The Monday evening letter from the Board of Trustees said officials were “heartbroken by the events detailed within this report,” and included both an apology and a commitment to improve safeguards for students.

“We have no greater duty than to protect the students in our care, and we take responsibility for the harm done to former students, as well as the failures of those whose responsibility it was to prevent and respond to such harm,” the statement read. “We are committed to the healing process for our alumni survivors of misconduct, and to working to protect the students and (staff and faculty) members who call SA home.”

Former Head of School Janet Durgin, whose response to student complaints was faulted by investigators, issued a written statement Tuesday apologizing for “any missteps” during her tenure.

Durgin, who led the school from its 2001 founding until her retirement in 2020, had been aware of Morrone’s transgressive behavior with female students as early as 2004. However, she did not take steps to discipline him beyond assigning him counseling, investigators said in their report.

Janet Durgin, the Head of School at the Sonoma Academy, talks about Jess Jackson, the founder of the school at his memorial at the Wells Fargo Center for the Arts in Santa Rosa, California on Thursday, May 12, 2011. (The Press Democrat file)
Janet Durgin, the Head of School at the Sonoma Academy, talks about Jess Jackson, the founder of the school at his memorial at the Wells Fargo Center for the Arts in Santa Rosa, California on Thursday, May 12, 2011. (The Press Democrat file)

In one instance in 2007, the report said, the school’s attorneys had recommended administrators file a mandated report with law enforcement about Morrone’s behavior toward a female student. But campus leaders did not alert authorities or file a report, investigators found.

"I want to apologize heartfully for any missteps during my tenure. We knew when we began a school charged with the care of adolescents that it needed to be safe in every regard — emotionally, socially, physically,“ Durgin said in her statement.

”Despite best efforts and intentions, some policies and procedures were inadequate. Any mistakes made were not for lack of deep commitment to the health, safety, education and care of our students.“

Durgin also disputed some of the report’s findings regarding her actions.

"Decisions regarding the issues investigated were made collaboratively, involving various administrators, lawyers, and trustees. While I perceive some factual inaccuracies and disagree with some of the conclusions in the report as it pertains to me, as the founding head of school, I take responsibility for the ultimate outcomes.“

She did not specify what findings she rejected about her reported inaction or dismissal of student complaints about staff misconduct.

McAleavy, who made two reports about Morrone to Durgin and a third report to another school official, said she suspected the excerpt in the Debevoise report detailing the school’s 2007 failure to follow its attorneys’ advice about contacting law enforcement was based on her experience. She talked to investigators in August and again in September.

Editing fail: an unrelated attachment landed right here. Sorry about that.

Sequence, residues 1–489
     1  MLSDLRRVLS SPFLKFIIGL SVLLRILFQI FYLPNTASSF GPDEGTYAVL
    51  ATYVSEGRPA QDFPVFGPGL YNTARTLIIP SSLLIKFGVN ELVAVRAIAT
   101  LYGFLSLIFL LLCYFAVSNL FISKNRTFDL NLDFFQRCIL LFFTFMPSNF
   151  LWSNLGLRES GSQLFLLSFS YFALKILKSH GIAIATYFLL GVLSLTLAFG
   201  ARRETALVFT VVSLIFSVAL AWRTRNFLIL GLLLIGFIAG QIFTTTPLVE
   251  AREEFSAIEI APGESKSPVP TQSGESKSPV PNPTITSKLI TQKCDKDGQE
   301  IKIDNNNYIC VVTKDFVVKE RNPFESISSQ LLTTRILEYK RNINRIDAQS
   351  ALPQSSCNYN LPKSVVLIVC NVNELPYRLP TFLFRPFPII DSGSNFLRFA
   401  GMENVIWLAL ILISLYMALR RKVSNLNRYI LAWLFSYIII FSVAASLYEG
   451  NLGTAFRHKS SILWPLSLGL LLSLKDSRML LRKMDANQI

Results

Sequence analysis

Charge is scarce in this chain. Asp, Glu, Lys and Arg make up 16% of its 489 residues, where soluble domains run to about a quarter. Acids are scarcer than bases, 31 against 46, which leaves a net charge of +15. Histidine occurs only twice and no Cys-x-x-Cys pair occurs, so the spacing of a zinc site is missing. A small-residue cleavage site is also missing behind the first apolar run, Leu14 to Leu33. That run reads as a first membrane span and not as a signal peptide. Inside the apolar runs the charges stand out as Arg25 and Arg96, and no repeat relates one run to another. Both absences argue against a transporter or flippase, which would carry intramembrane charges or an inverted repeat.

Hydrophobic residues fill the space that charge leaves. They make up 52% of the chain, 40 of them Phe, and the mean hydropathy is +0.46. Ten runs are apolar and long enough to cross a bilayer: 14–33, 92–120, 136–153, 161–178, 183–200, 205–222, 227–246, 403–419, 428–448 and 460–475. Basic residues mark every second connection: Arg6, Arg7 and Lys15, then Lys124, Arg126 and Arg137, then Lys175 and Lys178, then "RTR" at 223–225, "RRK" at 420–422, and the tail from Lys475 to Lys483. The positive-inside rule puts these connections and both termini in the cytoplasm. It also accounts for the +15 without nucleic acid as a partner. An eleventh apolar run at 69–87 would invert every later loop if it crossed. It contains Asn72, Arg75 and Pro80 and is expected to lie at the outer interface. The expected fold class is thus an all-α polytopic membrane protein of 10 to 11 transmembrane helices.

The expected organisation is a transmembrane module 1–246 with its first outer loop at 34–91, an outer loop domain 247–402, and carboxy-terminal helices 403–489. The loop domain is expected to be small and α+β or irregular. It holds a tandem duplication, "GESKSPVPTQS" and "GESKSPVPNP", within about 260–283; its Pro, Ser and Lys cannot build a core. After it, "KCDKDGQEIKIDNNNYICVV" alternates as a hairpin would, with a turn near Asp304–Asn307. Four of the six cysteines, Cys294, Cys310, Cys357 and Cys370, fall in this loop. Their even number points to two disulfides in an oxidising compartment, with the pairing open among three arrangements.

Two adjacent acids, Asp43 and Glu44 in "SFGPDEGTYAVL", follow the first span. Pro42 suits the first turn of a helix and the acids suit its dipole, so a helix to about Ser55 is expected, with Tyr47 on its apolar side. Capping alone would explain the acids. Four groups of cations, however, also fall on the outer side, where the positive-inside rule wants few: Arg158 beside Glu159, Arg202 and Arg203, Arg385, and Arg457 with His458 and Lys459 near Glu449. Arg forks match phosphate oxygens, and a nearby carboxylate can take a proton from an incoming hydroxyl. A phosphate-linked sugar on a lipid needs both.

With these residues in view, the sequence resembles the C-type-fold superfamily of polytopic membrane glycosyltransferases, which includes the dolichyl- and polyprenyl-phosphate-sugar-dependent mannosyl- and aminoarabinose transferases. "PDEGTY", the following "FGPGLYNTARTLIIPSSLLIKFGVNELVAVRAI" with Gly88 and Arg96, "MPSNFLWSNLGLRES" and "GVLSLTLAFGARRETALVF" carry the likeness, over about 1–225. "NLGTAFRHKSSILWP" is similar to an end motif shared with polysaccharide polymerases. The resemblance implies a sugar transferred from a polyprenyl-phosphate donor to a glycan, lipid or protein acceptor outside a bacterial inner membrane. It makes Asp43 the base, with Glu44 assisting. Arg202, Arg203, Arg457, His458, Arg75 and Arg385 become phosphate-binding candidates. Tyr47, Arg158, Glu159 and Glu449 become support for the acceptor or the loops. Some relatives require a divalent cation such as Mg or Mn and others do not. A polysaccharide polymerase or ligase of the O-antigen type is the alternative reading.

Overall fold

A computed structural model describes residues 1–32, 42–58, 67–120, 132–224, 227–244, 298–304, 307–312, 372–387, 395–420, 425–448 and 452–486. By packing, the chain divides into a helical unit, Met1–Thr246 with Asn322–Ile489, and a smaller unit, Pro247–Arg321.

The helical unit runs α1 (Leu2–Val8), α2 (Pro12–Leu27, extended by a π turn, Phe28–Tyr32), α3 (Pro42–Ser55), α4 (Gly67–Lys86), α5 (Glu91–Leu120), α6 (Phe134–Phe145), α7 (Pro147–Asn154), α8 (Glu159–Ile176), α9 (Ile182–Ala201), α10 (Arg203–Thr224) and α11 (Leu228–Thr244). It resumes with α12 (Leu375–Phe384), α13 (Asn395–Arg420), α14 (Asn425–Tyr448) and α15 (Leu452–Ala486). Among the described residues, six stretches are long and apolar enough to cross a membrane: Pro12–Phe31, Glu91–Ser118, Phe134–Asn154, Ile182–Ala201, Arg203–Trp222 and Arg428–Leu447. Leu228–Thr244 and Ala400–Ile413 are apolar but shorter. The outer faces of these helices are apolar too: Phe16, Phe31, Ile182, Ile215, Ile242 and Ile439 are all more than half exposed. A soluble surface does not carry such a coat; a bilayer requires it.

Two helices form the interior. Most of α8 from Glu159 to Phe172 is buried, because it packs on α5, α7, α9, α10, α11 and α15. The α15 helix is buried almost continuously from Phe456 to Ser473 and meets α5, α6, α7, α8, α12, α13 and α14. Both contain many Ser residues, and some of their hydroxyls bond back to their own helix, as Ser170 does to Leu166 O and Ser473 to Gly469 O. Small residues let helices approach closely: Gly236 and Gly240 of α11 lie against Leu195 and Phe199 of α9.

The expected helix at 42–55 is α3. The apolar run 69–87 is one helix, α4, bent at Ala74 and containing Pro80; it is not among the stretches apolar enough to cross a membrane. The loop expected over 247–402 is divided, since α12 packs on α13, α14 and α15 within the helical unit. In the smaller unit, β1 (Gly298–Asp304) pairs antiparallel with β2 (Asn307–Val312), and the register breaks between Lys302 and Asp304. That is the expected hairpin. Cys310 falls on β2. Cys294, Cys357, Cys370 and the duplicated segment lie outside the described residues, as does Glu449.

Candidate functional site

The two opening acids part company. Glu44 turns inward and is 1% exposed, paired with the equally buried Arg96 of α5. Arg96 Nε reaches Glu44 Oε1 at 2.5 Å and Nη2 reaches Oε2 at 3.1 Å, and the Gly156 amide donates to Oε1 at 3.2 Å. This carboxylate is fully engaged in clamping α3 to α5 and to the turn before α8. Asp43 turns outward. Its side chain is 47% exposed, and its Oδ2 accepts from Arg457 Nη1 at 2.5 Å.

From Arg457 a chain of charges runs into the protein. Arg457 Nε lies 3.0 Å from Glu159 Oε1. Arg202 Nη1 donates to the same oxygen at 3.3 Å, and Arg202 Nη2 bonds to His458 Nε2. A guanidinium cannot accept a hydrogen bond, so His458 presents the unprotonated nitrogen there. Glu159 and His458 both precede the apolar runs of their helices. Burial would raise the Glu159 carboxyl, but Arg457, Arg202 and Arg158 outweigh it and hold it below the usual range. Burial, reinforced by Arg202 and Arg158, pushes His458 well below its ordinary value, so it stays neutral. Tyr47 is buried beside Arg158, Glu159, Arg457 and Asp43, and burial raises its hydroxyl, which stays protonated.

McAleavy said she felt physically ill reading over the report, including the rationale given for treatment of student complaints attributed by investigators to an unidentified Sonoma Academy employee: “...we cannot take the word of a student over a faculty member.”

“There’s the element that nothing is really surprising, but still it’s stunning to read those quotes and to hear the way that the administration just fully dismissed a lot of people, but me in particular,” she said.

2008 Sonoma Academy graduate Emma McAleavy is one of seven women pushing for the high school in Santa Rosa to publicly acknowledge the complaints they made against a longtime teacher who the school dismissed in 2020. (John Burgess / The Press Democrat)
2008 Sonoma Academy graduate Emma McAleavy is one of seven women pushing for the high school in Santa Rosa to publicly acknowledge the complaints they made against a longtime teacher who the school dismissed in 2020. (John Burgess / The Press Democrat)

The school’s report called out multiple instances over many years in which Durgin and other school officials were informed of complaints about Morrone’s misconduct and abusive behavior by other staff members but failed to take sufficient action to safeguard students.

They did not go to law enforcement in cases where they were informed about sexual abuse of underage students by two other employees, investigators said.

Shannon Rake was the assistant girls’ soccer coach accused of sexually abusing a female student while she was employed by the school from 2002 until 2003.

At the time of the alleged offenses, Rake, a Santa Rosa High School graduate, would have just graduated from Sonoma State University, where she led the Seawolves soccer squad as lead goal scorer in 1999 and 2000.

In 2003, Rake was hired on at Sports City indoor soccer facility, where she worked her way up to general manager over her 14-year tenure in operations and coaching.

Since 2018, she has worked for a marine conservation nonprofit while periodically teaching hip-hop dance to special needs students at Movement Lab in Santa Rosa, as well as serving in leadership roles for local organizations providing sports and other activities for at-risk and disabled youths and adults.